Our son, Steven, was born in July 2005 just a month before our second anniversary as associates in missions in the country island of Fiji. We were helping my parents-in-law, Kenneth and Shelba Reed, who were missionaries to Fiji at that time. God was moving. People, young and old, were receiving the gift of the Holy Ghost, and we thought that for sure we were in God’s will when we applied for full-time missionary appointment.
I had a long, problematic pregnancy. In the fifth month, the doctors thought the baby wasn’t growing properly. After an ultrasound, we discovered one of his femur bones was five weeks behind on development compared to the rest of his body. We had no idea what to expect and no specialist to ask our questions.
The day finally arrived when our baby boy was born. Until then I had hopes that the doctors were mistaken, and the baby would be fine. But we could tell at once that he had chronic problems. Steven looked like an old man. He had yellow skin with a purple mouth and nose. He weighed a mere three pounds. His head wasn’t totally formed and he had a caved-in or sunken chest, which later we learned was called “pectus excavatum.” He had an extra finger that the doctor removed. His thumbs looked like fingers.I would love to ask that Fijian doctor, “Whose life will not matter? Whose life will not make a difference?” Steven’s life is not only touching people now, but it has made a mark for eternity. Click To Tweet
Contrary to my hopes, Steven’s condition did not improve. Instead it worsened, resulting in anemia and dehydration within just two months. We had been waiting to see the only pediatric specialist in Fiji, who had been out of the country. When he returned and we finally met with him, I never thought a pediatric doctor could be so cruel and gruff. He basically told us that Steven would never amount to anything, that he would be a vegetable and would not contribute to society. By the time this doctor was done with us, we were stunned. We sat in the hospital lobby while my father-in-law sobbed.
Steven was hospitalized the week before we left Fiji. I slept on a dirty floor beside his incubator, which still had blood and milk stains from the previous occupant. The specialist’s ego seemed hurt when we informed him we were returning to the United States with Steven. We further instructed him not to allow some “testing” that he wanted to do on our son. When my husband asked if he thought Steven was fit to travel, he said, “I’m not responsible for your boy.”
When the day of our departure arrived, my husband came to the hospital, retrieved Steven and me from the pediatric intensive care unit, and drove straight to the international airport. We arrived home in Saint Paul, Minnesota, during the first week of September 2005. Pastor Gerald Grant and his wife had arranged an apartment for us at the Apostolic Bible Institute.
Our first stay at Children’s Hospital was over two weeks. In addition to the myriad tests to pinpoint the exact medical assistance needed, we also tried to find where Steven fit into the world of syndromes. At the time, they thought he was the twenty-fifth known case of the “De Barsy Syndrome.” Steven has since been diagnosed with an idiopathic syndrome, meaning they don’t know what he has.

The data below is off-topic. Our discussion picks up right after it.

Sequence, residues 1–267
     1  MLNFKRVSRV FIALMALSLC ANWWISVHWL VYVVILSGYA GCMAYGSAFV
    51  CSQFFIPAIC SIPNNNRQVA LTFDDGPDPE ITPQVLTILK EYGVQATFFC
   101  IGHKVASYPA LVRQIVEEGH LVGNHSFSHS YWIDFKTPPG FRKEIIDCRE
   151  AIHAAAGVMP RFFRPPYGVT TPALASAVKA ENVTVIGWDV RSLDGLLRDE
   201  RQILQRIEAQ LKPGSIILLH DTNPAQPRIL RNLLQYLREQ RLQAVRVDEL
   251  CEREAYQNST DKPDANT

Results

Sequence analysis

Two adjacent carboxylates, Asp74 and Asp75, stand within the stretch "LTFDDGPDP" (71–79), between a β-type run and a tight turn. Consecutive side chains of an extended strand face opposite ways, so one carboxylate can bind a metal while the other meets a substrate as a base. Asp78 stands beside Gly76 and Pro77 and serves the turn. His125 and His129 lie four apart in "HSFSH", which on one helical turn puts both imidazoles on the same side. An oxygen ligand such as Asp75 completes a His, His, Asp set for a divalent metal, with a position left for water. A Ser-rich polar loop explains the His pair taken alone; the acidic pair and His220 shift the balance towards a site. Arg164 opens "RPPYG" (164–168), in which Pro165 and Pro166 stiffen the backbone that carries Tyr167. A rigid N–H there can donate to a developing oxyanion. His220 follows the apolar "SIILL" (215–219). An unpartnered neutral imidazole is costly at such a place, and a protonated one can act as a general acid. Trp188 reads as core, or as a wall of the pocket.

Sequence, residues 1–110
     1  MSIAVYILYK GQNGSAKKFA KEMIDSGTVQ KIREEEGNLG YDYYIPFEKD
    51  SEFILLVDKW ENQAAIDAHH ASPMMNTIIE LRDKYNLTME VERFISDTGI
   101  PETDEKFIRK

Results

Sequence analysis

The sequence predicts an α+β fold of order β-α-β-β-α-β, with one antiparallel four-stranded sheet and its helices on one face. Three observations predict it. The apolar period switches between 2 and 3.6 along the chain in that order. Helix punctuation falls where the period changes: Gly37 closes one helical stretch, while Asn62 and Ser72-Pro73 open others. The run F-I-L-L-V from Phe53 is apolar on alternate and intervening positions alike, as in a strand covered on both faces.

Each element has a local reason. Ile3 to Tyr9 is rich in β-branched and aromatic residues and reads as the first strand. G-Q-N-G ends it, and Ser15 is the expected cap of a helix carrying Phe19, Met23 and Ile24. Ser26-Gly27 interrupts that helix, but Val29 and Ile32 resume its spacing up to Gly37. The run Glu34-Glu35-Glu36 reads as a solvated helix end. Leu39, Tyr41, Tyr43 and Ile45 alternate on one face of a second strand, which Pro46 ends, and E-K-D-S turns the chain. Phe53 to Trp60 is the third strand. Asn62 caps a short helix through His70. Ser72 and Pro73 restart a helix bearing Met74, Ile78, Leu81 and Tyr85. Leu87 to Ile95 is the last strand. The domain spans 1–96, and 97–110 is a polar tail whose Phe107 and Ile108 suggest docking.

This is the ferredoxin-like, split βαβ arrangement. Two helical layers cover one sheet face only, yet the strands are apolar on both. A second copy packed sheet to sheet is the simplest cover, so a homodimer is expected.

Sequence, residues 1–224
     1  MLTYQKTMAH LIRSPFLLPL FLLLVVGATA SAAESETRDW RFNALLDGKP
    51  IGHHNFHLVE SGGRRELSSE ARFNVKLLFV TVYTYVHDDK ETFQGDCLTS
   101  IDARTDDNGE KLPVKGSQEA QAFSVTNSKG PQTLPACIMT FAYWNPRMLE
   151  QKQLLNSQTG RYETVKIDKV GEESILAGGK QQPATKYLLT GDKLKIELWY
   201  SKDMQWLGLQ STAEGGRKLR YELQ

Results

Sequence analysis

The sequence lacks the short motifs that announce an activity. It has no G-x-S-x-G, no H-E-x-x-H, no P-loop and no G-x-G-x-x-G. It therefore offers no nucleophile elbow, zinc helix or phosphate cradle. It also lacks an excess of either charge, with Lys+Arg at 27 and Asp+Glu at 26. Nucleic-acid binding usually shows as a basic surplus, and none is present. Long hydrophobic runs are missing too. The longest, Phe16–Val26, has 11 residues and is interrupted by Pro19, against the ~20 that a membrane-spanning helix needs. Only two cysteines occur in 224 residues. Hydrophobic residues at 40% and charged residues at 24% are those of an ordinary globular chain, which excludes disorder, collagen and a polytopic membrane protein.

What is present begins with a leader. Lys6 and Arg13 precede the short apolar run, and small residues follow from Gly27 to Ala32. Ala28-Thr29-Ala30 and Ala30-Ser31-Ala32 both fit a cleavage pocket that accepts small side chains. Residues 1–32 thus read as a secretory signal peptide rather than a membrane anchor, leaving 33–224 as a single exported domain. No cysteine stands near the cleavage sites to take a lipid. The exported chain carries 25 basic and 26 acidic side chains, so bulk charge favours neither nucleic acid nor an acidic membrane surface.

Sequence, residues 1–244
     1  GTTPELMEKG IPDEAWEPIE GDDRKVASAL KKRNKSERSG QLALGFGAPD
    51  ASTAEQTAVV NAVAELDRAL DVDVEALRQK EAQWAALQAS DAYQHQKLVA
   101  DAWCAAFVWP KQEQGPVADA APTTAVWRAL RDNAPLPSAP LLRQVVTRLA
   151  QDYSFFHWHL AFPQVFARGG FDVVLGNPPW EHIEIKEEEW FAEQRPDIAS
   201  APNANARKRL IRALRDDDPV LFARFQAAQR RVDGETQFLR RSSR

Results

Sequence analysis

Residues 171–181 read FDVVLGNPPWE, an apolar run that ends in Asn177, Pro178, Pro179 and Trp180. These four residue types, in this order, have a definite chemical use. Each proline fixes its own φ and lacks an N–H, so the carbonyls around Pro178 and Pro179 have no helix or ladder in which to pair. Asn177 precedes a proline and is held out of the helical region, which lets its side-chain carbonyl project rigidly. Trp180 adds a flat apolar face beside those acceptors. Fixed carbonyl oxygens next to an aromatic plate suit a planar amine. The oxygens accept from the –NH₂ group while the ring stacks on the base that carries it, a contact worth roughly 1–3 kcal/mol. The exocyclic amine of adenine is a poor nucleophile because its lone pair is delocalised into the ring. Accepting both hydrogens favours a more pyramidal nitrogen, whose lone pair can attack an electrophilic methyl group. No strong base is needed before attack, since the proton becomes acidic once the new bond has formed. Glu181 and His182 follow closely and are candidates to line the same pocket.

Steven’s Love for God
In 2011, Steven became very ill. His bones started to break. He had surgery on his femur and had to be intubated post-surgery due to pneumonia caused by aspiration. He spent six weeks in a body cast. The cast was finally removed when x-rays showed his bones were breaking inside of it.
[O]ne of Steven’s nurses, Margaret, felt the touch of God in her own life. She was baptized in Jesus’ name with her son, Tukiko, and received the gift of the Holy Ghost.
Because of his fragile medical condition, Steven was sent home with private duty nursing services. The nurses soon learned of his love for church, and they always made sure he attended church regularly. Over time, one of Steven’s nurses, Margaret, felt the touch of God in her own life. She was baptized in Jesus’ name with her son, Tukiko, and received the gift of the Holy Ghost. Immediately after that, Margaret started witnessing to her family in Embu, Kenya.
In March 2017, I contacted Global Missions and was told Patrick Groves was the contact in the country of Kenya. I relayed his information to Margaret and they exchanged emails. Missionary Groves contacted the closest local pastor to Margaret’s town of Embu. This pastor, Wachira Joseph Wamathai, is about two and a half hours away from her family. To date, Pastor Wamathai has baptized twelve people in Jesus’ name, and the new church in Embu now meets under a tree in Margaret’s mother’s backyard. Her living room cannot accommodate the new saints.
I would love to ask that Fijian doctor, “Whose life will not matter? Whose life will not make a difference?” Steven’s life is not only touching people now, but it has made a mark for eternity. We look forward to someday meeting our brothers and sisters from Kenya!
* Since the writing of this article, a new saint in Embu has donated a piece of land to the United Pentecostal Church in Kenya. Funds are being raised to build a place to worship. There are up to forty in attendance, and about twenty have now been baptized in the wonderful name of Jesus!
Resources and Links
A version of this article was published in Pentecostal Life.